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Lib Dems can deliver economic growth better than the Conservatives

October 15, 2013

Going into the 2010 General Election, the Lib Dems – particularly Vince Cable – had a reputation for economic competence. However, as a 3rd party that had been out of government for a century, the Lib Dems lacked a credibility or track record on managing the economy. For decades it has been the Conservative Party that the electorate has turned to when the economy turns bad. The shocking deficits racked up by Labour in the good years from 1997 to 2008 have reinforced the view that Labour cannot be trusted on the economy.

With hindsight, the 2010 Coalition Government has disturbed this easy contrast between the two major parties. Government no longer oscillates from one to the other. The Lib Dems are in the frame and in government, with a different approach and some different priorities.

This article sets out how the Lib Dems can usurp the Conservatives on what is normally their own territory. To make the case first requires an understanding of what the Conservatives do well, and how the Lib Dems have supported them. The second part of the case deals with the policies that deliver better economic growth, and how the Conservatives and Lib Dems differ.

Dealing first with what the Conservatives do well. They are well linked into the financial markets, and understand how governments reassure markets and get the markets to support the government. This has been no easy feat in the UK since 2010, and the Conservatives must take credit for low borrowing costs for the massive UK debt, which in turn has created flexibility for other policies and has helped to avoid a much deeper recession.

The majority of Lib Dems have understood and supported the need for the Coalition to have a robust fiscal policy and to bring the budget deficit down. From the beginning of this government, targets have been set to balance the books. It is this policy that must be hard-wired into Lib Dem thinking. Without this commitment to budget responsibility, the Lib Dems could never claim to be the best party for economic growth.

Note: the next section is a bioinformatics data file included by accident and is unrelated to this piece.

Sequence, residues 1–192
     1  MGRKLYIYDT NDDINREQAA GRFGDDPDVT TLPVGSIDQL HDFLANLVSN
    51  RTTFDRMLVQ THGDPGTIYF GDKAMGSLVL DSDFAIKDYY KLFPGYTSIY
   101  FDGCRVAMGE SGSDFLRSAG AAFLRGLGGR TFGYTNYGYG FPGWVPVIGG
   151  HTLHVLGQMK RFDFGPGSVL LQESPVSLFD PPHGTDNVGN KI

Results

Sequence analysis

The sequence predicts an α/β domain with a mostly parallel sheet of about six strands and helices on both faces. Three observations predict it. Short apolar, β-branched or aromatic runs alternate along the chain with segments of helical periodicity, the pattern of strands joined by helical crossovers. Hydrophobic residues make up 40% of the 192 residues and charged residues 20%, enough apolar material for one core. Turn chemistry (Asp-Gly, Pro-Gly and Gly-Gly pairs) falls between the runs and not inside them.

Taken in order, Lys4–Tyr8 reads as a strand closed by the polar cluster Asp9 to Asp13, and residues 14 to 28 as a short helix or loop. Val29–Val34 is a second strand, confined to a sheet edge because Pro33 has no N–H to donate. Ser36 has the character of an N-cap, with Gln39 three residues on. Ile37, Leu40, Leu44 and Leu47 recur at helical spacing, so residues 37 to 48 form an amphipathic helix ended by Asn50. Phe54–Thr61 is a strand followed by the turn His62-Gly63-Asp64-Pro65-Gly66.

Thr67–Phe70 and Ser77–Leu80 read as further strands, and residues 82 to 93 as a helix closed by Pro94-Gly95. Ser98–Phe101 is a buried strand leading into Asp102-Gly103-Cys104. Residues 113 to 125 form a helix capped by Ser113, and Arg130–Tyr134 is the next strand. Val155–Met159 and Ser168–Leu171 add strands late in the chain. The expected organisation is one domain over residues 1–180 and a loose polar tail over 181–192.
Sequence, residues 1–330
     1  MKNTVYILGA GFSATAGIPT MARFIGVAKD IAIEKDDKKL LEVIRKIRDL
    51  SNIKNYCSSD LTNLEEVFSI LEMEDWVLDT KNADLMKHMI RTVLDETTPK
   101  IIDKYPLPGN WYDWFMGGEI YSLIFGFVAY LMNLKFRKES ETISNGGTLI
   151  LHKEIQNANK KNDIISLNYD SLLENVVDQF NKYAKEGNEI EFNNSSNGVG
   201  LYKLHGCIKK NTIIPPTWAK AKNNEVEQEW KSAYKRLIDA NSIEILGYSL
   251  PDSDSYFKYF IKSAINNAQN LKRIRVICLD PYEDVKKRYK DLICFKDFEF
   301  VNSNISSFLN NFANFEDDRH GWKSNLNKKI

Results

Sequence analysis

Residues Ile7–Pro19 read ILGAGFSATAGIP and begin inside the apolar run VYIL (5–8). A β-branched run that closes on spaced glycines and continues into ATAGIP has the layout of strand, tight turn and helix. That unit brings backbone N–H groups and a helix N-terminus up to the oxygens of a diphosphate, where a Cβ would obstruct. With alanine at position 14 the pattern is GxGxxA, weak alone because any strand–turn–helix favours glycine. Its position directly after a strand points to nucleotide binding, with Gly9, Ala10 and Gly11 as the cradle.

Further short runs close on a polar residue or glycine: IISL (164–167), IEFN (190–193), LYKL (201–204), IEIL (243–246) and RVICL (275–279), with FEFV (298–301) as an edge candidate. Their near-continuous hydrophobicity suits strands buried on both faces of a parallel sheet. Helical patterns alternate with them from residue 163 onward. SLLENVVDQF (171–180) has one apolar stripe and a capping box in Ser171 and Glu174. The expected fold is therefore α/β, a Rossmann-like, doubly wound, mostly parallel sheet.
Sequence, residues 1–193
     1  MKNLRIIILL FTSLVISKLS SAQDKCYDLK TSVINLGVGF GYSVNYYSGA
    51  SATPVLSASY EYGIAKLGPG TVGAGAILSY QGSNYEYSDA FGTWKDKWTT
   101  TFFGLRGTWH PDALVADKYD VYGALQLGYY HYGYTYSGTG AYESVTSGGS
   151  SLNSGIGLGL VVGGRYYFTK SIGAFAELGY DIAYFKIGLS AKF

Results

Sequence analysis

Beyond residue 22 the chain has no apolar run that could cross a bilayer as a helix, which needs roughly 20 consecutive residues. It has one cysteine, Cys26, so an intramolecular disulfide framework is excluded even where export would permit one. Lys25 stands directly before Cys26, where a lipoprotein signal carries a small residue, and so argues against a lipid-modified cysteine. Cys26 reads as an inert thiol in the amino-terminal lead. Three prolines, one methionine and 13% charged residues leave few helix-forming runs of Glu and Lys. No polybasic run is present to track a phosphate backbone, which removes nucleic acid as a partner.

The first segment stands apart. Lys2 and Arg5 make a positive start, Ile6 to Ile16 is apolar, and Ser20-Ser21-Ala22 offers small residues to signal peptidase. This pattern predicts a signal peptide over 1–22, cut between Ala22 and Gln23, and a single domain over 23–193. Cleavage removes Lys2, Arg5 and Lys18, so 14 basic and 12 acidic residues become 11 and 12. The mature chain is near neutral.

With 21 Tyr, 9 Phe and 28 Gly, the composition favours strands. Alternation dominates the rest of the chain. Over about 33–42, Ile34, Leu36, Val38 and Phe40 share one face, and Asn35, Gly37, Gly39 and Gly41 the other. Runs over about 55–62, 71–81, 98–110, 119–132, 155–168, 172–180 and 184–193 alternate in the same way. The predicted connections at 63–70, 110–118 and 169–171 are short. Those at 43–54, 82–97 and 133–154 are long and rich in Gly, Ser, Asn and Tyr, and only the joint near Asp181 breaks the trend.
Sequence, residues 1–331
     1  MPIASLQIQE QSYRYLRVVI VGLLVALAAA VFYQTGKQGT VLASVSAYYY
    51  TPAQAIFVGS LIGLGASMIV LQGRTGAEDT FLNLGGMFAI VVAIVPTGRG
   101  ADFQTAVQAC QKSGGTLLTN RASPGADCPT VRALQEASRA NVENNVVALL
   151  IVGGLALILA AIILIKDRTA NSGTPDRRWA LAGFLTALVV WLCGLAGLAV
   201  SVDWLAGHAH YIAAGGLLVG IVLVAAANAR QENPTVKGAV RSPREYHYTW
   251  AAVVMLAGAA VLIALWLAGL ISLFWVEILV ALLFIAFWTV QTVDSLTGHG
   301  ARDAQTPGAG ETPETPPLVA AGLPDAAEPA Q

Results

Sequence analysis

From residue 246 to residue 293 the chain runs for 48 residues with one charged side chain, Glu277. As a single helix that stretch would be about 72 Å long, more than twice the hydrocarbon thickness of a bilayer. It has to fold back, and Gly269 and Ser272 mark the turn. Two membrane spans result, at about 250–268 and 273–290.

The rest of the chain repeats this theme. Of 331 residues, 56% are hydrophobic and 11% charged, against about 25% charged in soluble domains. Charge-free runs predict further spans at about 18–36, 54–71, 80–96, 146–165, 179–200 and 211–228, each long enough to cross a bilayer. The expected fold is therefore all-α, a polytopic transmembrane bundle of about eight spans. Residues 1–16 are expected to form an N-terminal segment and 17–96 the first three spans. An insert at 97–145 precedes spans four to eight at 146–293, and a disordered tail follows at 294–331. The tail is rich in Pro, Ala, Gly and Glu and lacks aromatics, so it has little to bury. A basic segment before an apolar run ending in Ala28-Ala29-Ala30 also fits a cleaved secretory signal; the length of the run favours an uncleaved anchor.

I now turn to how UK plc builds a stronger economy. And I want to start by ignoring all the ups and downs that come from temporary changes in demand. These ups and down often reflect the sentiment of the moment, a readiness or unwillingness to borrow money and a surge or drop in demand that can be reversed a year later. Building a stronger economy is about businesses having more customers, about new ideas, about new exports and about new jobs.

I will identify here four important elements for successful business, and contrast the approaches of the Conservatives and the Lib Dems.

 

1. Encouraging the entrepreneur

A country that values and promotes new ideas and new business will have more entrepreneurial activity. Government can help in small ways like having light touch regulation for small businesses, and helping to keep costs down. Business rate relief for businesses in small premises has been a good example of this. The Conservatives have the edge on this agenda.

 

2. A motivated and fired up workforce

Successful businesses get the most out of their employees, and that means a happy business environment with long term employment and a culture of debate and discussion. The Lib Dems naturally reflect this sentiment – ‘enabling everyone to get on in life’. The Conservatives can take a more brutal view with a greater readiness to get rid of people. It harks back to an ‘us and them’ attitude, somewhat out of line with modern thinking.